A 1977 study by the SEC revealed that some 400 companies had funneled hundreds of millions of dollars in questionable payments to foreign officials. The result was the Foreign Corrupt Practices Act, passed in December of that year. The act, which makes it a criminal offense to bribe foreign officials in order to obtain business, also requires that companies “devise and maintain a system of internal accounting controls sufficient to provide reasonable assurances” that corporate funds are not used for corrupt purposes.
Interpretation of the new act is still confused. Critics argue that the act provides few guidelines on how it should actually be applied. For instance, so-called “grease” payments are not specifically outlawed, but it isn’t clear whether payments to expedite shipments, secure permits or reduce taxes constitute grease payments.
In April of 1979, the SEC proposed rules to govern the reporting of internal controls under the act. These met with an overwhelmingly negative reaction from the business community, and the Commission withdrew its proposal in June of 1980. It observed, however, that it would monitor “practice in voluntarily providing management’s statements on internal accounting control and in engaging independent accountants to report on such statements” and would reconsider mandated reporting in the spring of 1982.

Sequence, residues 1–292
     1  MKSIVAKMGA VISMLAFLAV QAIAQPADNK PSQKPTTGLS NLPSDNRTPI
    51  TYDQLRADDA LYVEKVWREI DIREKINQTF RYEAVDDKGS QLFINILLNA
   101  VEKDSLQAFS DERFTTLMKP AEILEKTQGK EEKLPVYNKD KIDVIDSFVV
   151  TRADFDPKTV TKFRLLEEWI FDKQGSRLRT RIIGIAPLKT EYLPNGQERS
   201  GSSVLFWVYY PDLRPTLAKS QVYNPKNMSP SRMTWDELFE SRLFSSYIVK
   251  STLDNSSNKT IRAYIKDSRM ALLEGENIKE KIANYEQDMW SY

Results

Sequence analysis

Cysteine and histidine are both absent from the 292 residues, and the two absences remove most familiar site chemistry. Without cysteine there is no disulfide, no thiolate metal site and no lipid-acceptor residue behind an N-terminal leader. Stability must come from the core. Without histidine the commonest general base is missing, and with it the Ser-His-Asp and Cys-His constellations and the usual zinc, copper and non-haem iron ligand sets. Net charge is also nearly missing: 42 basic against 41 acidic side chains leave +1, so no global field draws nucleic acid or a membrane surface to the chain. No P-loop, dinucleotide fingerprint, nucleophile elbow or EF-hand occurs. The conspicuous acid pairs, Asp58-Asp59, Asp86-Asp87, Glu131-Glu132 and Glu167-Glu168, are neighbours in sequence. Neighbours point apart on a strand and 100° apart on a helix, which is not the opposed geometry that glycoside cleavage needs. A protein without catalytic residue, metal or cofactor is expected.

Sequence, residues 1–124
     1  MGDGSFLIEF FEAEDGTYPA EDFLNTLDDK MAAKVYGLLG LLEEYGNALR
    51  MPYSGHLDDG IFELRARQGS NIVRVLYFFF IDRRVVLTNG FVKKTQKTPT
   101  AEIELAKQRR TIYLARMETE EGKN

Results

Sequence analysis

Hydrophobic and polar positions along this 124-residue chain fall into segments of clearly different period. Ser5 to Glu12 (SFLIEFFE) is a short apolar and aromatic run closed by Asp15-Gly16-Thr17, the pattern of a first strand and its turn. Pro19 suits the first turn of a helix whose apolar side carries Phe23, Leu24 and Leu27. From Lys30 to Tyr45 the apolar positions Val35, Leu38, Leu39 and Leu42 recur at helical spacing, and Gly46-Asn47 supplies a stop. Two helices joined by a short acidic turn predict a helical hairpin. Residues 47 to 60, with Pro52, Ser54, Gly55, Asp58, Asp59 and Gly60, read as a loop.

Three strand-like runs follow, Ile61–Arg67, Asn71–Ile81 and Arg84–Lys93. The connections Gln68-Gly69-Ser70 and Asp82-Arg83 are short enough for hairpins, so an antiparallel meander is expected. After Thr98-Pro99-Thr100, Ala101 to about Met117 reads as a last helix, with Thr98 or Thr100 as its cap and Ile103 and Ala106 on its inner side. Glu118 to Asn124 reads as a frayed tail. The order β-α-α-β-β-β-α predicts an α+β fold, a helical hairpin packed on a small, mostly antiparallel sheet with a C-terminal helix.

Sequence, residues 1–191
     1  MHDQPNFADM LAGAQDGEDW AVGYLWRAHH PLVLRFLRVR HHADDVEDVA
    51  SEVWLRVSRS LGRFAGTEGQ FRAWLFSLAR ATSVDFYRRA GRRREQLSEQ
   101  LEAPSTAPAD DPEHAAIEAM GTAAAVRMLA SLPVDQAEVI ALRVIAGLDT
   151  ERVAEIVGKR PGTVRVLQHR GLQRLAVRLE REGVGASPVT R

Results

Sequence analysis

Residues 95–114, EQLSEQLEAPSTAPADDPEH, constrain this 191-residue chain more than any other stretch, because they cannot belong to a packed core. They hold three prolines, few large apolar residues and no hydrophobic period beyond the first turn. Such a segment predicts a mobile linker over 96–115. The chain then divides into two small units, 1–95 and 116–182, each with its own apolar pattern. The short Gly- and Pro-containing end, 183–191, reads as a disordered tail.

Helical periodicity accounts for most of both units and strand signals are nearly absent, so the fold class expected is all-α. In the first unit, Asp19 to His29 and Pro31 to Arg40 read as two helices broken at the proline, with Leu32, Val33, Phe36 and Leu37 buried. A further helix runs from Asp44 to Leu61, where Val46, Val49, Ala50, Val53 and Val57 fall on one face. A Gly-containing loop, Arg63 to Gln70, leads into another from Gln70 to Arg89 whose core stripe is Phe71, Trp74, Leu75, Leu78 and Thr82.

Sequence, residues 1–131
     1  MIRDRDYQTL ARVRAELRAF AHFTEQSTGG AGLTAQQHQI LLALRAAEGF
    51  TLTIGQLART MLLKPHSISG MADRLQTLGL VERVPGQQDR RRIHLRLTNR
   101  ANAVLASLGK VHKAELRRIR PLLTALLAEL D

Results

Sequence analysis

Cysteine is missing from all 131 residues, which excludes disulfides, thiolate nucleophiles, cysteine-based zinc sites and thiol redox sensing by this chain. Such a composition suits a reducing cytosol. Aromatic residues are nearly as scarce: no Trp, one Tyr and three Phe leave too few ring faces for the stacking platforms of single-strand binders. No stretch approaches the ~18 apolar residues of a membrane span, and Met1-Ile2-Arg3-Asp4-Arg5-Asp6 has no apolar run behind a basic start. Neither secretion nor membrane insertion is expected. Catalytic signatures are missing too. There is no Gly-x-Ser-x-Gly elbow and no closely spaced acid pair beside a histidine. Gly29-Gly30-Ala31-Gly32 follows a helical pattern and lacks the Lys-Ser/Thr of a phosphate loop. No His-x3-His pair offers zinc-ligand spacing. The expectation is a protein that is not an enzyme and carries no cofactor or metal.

Although the Foreign Corrupt Practices Act seems certain to hinder foreign trade to some extent, a new bill recently introduced by Senator John Chafee offers some hope for companies doing business abroad. It proposes, among other things, to add a materiality standard to the act and to clarify the types of gifts, payments, etc., that would be legal.